• We have to add `number + 1` because `range` produces 0..9, not 1..10.

## Classifying Errors

Is an indentation error a syntax error or a runtime error?

## Solution

It is a syntax error. The problem has to do with the placement of the code, not its logic.

## Tracing Execution

Create a table showing the numbers of the lines that are executed when this program runs, and the values of the variables after each line is executed.

``````total = 0
for char in "tin":
total = total + 1
``````

## Reversing a String

Fill in the blanks in the program below so that it prints “nit” (the reverse of the original character string “tin”).

``````original = "tin"
result = ____
for char in original:
result = ____
print(result)
``````

## Solution

`result` is an empty string because we use it to build or accumulate on our reverse string. `char` is the loop variable for `original`. Each time through the loop `char` takes on one value from `original`. Use `char` with `result` to control the order of the string. Our loop code should look like this:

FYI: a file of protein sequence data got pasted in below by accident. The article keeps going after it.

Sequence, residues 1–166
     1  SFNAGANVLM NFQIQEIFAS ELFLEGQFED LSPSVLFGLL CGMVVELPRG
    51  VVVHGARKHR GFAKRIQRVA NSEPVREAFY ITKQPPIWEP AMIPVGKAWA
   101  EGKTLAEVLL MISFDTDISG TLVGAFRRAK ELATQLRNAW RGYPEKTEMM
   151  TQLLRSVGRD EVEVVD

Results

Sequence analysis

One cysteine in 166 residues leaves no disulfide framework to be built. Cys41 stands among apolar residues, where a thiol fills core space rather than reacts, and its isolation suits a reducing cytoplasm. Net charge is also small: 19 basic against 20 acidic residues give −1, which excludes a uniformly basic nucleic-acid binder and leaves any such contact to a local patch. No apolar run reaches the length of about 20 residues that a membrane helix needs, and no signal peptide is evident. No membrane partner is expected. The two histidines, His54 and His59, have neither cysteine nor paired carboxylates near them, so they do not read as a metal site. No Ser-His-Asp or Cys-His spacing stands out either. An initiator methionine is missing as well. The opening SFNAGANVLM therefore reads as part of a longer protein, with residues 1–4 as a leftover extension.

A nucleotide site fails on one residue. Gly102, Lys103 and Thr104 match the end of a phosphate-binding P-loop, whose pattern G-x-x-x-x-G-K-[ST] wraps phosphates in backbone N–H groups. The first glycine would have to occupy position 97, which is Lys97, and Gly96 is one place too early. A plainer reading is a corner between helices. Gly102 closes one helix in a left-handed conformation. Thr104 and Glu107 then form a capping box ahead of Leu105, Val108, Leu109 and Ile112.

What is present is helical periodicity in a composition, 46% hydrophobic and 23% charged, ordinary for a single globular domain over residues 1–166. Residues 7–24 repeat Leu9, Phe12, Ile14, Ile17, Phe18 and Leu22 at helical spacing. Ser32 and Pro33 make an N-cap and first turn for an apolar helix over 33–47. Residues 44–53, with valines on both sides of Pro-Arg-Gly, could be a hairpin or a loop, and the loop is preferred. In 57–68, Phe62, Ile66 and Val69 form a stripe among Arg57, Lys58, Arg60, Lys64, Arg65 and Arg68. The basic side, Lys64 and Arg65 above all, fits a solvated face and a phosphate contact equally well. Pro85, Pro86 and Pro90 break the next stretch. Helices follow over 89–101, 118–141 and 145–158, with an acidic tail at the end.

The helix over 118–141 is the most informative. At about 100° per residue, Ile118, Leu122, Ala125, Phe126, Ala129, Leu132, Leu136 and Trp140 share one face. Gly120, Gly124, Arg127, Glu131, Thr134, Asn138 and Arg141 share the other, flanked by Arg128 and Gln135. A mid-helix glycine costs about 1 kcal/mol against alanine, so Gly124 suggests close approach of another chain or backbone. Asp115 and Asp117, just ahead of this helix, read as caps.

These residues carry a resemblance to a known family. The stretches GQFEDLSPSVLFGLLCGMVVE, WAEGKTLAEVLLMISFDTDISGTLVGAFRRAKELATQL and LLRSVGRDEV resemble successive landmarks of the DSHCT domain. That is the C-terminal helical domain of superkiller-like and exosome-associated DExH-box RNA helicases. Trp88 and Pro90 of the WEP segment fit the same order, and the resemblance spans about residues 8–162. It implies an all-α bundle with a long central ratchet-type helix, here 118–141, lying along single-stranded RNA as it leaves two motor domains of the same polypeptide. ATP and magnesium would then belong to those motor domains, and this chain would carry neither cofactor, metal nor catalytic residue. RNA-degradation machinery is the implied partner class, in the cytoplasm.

``````original = "tin"
result = ""
for char in original:
result = char + result
print(result)
nit
``````

If you were to expand out the loop the iterations would look something like this:

``````#First loop
char = "t"
result = ""
char + result = "t"
#Second loop
char = 'i"
result = "t"
char + result = "it"
#Third loop
char = "n"
result = "it"
char + result = "nit"
``````

## Practice Accumulating

Fill in the blanks in each of the programs below to produce the indicated result.

``````# Total length of the strings in the list: ["red", "green", "blue"] => 12
total = 0
for word in ["red", "green", "blue"]:
____ = ____ + len(word)
print(total)
``````
``````# List of word lengths: ["red", "green", "blue"] => [3, 5, 4]
lengths = ____
for word in ["red", "green", "blue"]:
lengths.____(____)
print(lengths)
``````
``````# Concatenate all words: ["red", "green", "blue"] => "redgreenblue"
words = ["red", "green", "blue"]
result = ____
for ____ in ____:
____
print(result)
``````
``````# Create acronym: ["red", "green", "blue"] => "RGB"
# write the whole thing
``````

## Cumulative Sum